His parents scraped together the money to buy him a typewriter and he taught himself how to type. He soon became as dedicated to writing as he was to reading. Writing became a constant activity, like a bodily function. Every time he read a book, he typed a review of it. But his family's persistent financial problems eventually became a distraction from studies and Howard became alienated from school. He started skipping classes, sometimes playing hooky for weeks at a time and devising schemes to elude the truant officer.

In 2008 Zinn reflected on his development as a writer:

I don't know if I considered myself a 'writer' consciously, but I did start to write almost as soon as I began to read, when I kept a notebook with reviews of the books I read. I was reading Upton Sinclair and John Steinbeck and Richard Wright and Charles Dickens. I was thirteen when my parents bought me a used Underwood #5 typewriter, which came with a booklet with instructions—showing the keyboard, etc. I just wrote reviews. But I saw myself as a journalist, and in the Air Force, coming back from overseas, stationed at Barksdale Field in Shreveport, Louisiana, I edited a newspaper called the Barksdale Bark for the airfield, and wrote some bold editorials criticizing the army for keeping soldiers in the service after the war was over. Of course as a student at NYU and a graduate student at Columbia, I was writing papers and a masters essay and a doctoral dissertation, and in all of those instances writing in a popular style, avoiding scholarly jargon. It was only when I went south and became involved in SNCC [Student Nonviolent Coordinating Committee] and the Southern movement that I started writing about what I saw in the South, as a participant in the movement, writing about the demonstrations in Albany, Georgia; Selma, Alabama; various towns in Mississippi. As for fiction, I spent a summer around 1959 writing a novel based on the Colorado mine strike of 1912-14 and the Ludlow Massacre, but it was rejected by several publishers and I dropped it. I only began writing plays—though I had long wanted to, my whole family being involved in the theater at one time or another—when the Vietnam War was over and I could stop speaking and writing about the war, with time now to work on a play. At this point I have no desire to write any more books. After writing a 700-page history book that has sold almost two million copies, and a number of other books, I feel I have said pretty much what I have wanted to say, though I still write short pieces, columns for The Progressive, articles for The Nation, op-ed pieces for the Boston Globe and other newspapers. If I get some time, I want to write another play. I'm not thinking of anything autobiographical. [Interview with the author]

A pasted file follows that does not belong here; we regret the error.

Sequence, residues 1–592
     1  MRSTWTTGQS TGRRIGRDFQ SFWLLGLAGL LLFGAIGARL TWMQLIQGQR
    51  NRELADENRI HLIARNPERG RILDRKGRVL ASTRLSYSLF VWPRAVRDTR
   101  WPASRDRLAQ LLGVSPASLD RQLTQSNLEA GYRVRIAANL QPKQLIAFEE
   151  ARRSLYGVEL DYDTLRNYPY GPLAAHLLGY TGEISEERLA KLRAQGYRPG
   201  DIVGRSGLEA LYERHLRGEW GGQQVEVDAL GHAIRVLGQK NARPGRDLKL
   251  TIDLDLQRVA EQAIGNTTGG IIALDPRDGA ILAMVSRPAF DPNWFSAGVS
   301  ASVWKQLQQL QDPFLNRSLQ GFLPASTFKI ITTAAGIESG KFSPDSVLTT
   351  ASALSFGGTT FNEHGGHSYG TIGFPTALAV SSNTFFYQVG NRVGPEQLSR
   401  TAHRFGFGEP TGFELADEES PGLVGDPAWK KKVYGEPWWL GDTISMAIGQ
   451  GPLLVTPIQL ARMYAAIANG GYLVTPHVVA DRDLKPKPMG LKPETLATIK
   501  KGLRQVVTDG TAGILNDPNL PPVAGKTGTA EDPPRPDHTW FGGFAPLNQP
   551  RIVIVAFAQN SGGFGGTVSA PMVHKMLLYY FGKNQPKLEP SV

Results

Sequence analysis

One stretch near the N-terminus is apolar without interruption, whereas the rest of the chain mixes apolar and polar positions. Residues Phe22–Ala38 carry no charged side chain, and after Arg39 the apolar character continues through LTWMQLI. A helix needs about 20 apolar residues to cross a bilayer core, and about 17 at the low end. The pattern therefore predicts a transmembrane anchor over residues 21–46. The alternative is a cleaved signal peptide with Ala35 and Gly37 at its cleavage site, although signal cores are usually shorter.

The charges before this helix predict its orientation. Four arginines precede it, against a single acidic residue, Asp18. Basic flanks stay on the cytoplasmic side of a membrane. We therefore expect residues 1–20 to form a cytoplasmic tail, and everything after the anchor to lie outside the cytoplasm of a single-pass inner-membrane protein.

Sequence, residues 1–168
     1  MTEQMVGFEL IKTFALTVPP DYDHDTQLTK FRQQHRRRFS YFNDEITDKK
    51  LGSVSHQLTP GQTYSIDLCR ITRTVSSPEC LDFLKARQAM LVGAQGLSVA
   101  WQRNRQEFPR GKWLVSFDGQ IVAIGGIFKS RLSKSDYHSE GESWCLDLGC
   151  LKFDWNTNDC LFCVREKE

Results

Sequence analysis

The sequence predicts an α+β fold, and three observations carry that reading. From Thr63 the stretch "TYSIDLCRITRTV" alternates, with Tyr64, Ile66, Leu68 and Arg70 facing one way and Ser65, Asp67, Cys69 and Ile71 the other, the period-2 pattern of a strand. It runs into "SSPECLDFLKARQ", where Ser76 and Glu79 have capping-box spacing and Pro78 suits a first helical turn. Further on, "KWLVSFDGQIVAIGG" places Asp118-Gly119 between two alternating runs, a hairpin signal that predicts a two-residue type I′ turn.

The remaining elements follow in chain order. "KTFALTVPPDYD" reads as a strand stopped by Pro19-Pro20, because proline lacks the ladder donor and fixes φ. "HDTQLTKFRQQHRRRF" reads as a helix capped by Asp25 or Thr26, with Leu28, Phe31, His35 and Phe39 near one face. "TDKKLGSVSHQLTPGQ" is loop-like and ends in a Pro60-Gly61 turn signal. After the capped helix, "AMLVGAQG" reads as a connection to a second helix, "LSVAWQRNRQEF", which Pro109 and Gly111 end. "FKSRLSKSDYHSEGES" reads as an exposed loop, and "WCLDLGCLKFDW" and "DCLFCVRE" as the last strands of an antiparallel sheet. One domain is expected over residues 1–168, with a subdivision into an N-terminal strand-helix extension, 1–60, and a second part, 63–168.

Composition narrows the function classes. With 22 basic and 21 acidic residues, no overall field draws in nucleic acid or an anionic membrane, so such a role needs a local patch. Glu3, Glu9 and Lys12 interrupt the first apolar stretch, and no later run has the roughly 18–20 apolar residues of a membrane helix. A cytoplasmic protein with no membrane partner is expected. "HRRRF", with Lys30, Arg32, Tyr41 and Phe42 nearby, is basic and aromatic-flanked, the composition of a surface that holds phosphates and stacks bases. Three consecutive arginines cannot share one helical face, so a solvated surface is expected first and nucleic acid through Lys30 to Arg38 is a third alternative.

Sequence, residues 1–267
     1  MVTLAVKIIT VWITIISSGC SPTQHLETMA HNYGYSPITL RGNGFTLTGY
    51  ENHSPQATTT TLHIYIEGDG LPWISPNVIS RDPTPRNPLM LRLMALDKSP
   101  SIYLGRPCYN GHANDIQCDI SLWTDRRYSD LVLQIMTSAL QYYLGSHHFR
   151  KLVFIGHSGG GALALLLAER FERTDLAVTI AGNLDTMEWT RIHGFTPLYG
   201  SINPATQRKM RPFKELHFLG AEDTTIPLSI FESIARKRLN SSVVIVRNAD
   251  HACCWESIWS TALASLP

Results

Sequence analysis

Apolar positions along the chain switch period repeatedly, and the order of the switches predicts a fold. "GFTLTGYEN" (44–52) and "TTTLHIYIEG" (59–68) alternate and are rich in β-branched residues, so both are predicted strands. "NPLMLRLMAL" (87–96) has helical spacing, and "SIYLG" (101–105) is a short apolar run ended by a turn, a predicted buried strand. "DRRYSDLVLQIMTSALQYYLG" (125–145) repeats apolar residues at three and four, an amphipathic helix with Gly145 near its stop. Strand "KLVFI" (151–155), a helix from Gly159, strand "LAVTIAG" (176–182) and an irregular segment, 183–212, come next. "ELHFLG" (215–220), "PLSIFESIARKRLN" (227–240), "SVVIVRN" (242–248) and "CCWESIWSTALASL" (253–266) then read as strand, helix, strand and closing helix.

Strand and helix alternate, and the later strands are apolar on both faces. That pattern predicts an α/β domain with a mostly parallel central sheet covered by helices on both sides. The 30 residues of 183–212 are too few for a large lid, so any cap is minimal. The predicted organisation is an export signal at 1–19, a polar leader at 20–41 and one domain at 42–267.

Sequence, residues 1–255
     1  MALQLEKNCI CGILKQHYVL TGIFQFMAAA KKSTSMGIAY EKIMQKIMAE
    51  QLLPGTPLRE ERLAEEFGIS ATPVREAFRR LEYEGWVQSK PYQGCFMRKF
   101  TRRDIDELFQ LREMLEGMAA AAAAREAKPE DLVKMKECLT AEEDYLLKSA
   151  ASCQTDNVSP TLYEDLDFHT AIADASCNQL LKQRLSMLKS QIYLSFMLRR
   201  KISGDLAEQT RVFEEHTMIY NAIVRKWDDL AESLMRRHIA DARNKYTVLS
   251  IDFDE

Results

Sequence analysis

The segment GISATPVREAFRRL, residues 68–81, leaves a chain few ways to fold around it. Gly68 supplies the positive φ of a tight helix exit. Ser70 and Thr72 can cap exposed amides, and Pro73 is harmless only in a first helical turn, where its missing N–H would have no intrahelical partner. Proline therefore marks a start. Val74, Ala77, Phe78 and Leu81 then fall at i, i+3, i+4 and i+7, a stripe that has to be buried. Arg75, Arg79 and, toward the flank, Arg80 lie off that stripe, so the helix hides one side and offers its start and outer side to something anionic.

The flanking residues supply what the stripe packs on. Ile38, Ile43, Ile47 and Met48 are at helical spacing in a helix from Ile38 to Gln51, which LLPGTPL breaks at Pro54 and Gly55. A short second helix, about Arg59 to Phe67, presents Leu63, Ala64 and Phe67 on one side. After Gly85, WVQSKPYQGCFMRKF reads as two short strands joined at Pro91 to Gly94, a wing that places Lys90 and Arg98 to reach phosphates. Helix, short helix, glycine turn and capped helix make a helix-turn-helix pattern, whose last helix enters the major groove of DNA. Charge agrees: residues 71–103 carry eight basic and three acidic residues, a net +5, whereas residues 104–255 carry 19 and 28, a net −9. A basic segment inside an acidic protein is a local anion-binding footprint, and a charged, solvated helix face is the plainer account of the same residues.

Though his working class point of view was a natural result of growing up poor, Zinn pinpoints one particular moment that galvanized him politically and turned him into a radical. It was about 1940, at the beginning of World War II. Zinn was seventeen years old. He had become acquainted with some young people who were members of the Communist Party. Many socially conscious Americans at that time still thought Communism might be a positive movement that would undo some of the social injustices in the world.